US Attorney General Michael Mukasey said Thursday he would personally ensure that the US Department of Justice does not bow to political pressure as it prosecutes government officials for corruption. In a speech to the Commonwealth Club in San Francisco, Mukasey said:
Public corruption can inflict damage that is not only costly but also profound. When a public servant at any level of government exploits his or her office for improper purposes, the damage is measured not just in dollars and cents but also in erosion of the public trust upon which depends the survival of our system of government.
We fight, investigate and prosecute public corruption to ensure that those who hold public office live up to the public's trust, and to build the public's confidence in the very idea of government, without which the government cannot function.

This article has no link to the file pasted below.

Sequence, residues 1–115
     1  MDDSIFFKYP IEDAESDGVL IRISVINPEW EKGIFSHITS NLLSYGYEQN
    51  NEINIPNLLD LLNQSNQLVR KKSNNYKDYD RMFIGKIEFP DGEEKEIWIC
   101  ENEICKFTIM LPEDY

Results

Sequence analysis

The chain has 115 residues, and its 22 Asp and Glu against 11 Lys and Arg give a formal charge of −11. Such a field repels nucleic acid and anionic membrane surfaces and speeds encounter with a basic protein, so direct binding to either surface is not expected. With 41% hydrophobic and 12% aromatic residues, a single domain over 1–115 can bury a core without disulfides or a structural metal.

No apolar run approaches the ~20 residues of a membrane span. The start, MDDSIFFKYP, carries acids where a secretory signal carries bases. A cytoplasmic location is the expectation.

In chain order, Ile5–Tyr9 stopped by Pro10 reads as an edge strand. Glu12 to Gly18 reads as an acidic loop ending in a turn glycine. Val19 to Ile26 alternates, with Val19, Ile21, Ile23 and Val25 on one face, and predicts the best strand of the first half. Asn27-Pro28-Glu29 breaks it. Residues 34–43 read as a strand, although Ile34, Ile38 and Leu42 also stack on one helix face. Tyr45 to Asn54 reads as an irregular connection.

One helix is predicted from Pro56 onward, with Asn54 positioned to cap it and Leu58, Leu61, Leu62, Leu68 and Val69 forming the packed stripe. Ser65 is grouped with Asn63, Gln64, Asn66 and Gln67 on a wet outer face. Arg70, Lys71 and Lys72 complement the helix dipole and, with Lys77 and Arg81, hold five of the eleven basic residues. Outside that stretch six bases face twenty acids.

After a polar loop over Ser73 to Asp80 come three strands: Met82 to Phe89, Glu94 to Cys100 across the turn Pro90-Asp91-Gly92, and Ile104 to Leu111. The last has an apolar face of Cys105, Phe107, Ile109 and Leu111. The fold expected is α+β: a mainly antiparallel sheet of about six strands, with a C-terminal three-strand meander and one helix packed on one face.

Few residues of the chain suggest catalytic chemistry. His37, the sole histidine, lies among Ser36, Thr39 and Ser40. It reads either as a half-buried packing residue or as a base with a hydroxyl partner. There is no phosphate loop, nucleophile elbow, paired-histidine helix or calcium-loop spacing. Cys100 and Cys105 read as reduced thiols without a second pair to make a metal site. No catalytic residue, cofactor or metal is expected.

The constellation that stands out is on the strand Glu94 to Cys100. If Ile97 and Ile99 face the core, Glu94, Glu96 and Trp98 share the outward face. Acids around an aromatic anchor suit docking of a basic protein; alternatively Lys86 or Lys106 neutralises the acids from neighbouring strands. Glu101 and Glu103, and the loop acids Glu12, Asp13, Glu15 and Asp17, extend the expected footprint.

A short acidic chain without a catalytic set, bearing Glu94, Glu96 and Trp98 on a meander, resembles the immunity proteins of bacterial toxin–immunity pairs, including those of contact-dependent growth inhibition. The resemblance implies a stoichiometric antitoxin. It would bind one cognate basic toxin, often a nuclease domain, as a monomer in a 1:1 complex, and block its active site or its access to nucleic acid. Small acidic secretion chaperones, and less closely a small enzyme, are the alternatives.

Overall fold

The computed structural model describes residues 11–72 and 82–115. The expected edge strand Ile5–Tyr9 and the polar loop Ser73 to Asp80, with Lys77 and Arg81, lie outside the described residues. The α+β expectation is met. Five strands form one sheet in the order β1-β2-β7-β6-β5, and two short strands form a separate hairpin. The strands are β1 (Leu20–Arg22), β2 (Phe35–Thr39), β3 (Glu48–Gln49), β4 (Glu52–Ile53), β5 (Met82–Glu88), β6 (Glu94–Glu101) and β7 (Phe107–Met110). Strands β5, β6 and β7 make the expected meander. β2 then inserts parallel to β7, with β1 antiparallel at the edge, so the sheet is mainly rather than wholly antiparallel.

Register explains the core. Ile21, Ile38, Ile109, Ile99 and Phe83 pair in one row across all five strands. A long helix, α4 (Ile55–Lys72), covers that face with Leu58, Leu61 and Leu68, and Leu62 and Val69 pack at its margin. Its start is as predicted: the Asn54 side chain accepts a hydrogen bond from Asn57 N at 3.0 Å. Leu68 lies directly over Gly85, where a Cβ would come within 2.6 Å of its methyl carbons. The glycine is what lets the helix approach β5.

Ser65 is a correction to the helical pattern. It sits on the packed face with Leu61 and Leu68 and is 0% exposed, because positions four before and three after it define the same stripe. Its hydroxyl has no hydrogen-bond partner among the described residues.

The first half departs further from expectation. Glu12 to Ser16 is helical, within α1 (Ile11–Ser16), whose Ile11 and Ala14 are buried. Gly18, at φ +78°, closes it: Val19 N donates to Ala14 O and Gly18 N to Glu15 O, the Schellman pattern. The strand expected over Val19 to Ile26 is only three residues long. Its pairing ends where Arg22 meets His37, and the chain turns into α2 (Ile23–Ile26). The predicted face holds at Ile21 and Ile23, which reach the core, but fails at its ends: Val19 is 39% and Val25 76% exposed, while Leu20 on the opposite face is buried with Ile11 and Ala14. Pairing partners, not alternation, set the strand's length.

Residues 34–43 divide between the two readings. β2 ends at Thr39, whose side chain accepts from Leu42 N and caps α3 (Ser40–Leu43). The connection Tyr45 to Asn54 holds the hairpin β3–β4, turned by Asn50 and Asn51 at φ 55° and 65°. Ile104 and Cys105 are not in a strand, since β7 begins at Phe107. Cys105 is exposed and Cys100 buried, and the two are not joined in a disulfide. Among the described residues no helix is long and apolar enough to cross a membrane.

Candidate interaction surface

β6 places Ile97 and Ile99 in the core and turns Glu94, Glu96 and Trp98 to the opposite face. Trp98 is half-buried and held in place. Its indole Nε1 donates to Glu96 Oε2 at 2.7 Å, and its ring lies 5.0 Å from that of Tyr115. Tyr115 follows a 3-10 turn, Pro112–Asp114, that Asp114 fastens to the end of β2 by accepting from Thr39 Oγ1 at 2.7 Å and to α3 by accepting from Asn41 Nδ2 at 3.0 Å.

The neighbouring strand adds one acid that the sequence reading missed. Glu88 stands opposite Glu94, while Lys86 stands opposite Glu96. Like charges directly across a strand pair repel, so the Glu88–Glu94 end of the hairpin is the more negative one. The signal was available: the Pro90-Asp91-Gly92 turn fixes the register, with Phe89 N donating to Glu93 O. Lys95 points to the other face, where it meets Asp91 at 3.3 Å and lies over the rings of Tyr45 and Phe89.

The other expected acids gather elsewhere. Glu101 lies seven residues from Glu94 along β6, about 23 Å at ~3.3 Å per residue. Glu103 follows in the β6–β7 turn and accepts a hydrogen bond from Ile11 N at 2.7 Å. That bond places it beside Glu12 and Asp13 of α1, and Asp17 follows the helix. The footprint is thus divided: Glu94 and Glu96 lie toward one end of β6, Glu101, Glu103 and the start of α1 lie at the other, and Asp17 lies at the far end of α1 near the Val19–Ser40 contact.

The investigation and prosecution of public corruption is therefore among the highest obligations of law enforcement, and it should come as no surprise that I consider it to be one of the top priorities of the Department of Justice. In recent years, the Department's career prosecutors and criminal investigators have been engaged in a renewed effort to pursue corruption at all levels and in all branches of government.
Mukasey emphasized that the joint efforts of the DOJ and US Attorney's offices had resulted in the convictions of 1,093 individuals for corruption in 2006, including former congressmen Randy "Duke" Cunningham and Bob Ney.
Mukasey's speech came only hours after a federal grand jury in San Juan, Puerto Rico charged Puerto Rican Governor Anibal Acevedo Vila and 12 associates with 27 counts of conspiracy, false statements, wire fraud, federal program fraud and tax crimes related to campaign financing.